It’s scary, but it’s true. Termites can be damaging your property for up to five years before you can see visible damage. What makes termites difficult to fight is the fact that you often can’t see them while they are causing internal damage. They are difficult to detect unless you see alates or winged reproductives that set out to start a new mound.


Termite damage often begins in areas made of dry wood. Some types of termites such as subterranean and Formosan will travel through the soil and start damaging the areas of your property where there's moisture. After some time, termite damage will be so severe and widespread that it will compromise the structure's integrity. When this happens, a complete demolition will be the only choice left.


Homeowner Insurance Usually Doesn’t Cover It


Damage from termites is often not covered by homeowner insurance. Most insurance providers also will not pay for termite removal. They will only cover termite damage if there is an additional coverage plan.


If your homeowner insurance does not cover termite damage, it would be best for you to have your property inspected regularly. This will stop termite infestations early and before they create irreparable damage to your property.


The longer termite infestation occurs, the more damage they will have on the wood portions of your home. And, of course, the greater the damage, the costlier the repair process can be.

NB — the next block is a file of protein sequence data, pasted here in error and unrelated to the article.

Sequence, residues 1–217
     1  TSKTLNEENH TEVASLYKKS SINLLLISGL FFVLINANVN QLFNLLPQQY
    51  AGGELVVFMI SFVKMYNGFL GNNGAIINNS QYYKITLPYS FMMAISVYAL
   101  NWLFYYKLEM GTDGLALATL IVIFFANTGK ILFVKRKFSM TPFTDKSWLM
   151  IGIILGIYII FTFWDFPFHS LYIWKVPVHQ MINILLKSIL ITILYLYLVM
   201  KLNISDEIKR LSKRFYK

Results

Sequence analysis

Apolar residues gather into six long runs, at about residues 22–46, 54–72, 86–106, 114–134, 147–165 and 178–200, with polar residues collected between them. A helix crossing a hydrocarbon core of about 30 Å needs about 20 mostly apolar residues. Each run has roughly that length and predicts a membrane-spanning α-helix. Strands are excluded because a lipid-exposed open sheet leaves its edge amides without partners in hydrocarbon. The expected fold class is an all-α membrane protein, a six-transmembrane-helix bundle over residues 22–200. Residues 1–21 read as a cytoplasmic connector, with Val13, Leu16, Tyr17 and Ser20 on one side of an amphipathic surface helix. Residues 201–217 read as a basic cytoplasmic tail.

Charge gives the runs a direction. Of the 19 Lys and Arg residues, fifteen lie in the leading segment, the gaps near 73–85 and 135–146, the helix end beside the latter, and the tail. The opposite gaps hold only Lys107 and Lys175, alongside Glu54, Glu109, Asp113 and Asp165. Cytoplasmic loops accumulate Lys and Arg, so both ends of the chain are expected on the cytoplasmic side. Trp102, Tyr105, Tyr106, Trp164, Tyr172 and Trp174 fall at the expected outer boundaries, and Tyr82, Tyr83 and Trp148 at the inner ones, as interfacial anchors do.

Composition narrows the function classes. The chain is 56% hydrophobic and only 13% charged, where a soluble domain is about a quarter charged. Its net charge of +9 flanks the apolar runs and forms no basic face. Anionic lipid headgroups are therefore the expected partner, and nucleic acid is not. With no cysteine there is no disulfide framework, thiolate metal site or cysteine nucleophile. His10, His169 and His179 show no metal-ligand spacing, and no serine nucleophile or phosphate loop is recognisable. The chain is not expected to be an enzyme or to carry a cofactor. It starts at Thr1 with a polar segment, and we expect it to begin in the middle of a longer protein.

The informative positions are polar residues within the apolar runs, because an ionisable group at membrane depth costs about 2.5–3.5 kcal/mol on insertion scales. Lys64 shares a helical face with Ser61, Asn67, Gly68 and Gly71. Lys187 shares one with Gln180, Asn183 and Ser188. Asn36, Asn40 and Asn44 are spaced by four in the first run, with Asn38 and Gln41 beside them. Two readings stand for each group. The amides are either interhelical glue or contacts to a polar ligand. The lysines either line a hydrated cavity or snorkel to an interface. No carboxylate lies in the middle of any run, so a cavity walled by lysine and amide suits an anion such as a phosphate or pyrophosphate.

Termite Damage Is Expensive


U.S. residents spend about $5 billion annually on termite control and damage repair. A homeowner who finds termite damage in their home will shell out around $3,000 for repairs.


Termite management and treatment prices vary, but they can cost you up to $20 per linear foot for even a minor infestation. If the structure of your property has been termite-infested, expect to spend thousands on termite treatment on top of the cost to repair damages.



What Does a Termite Inspection Consist Of?


Termites prefer closed and dark spaces. They tend to avoid open air and bright spaces. So, you will likely find termite colonies underground or inside wood materials. More often than not, termite damage is seen underground and hidden away from plain sight.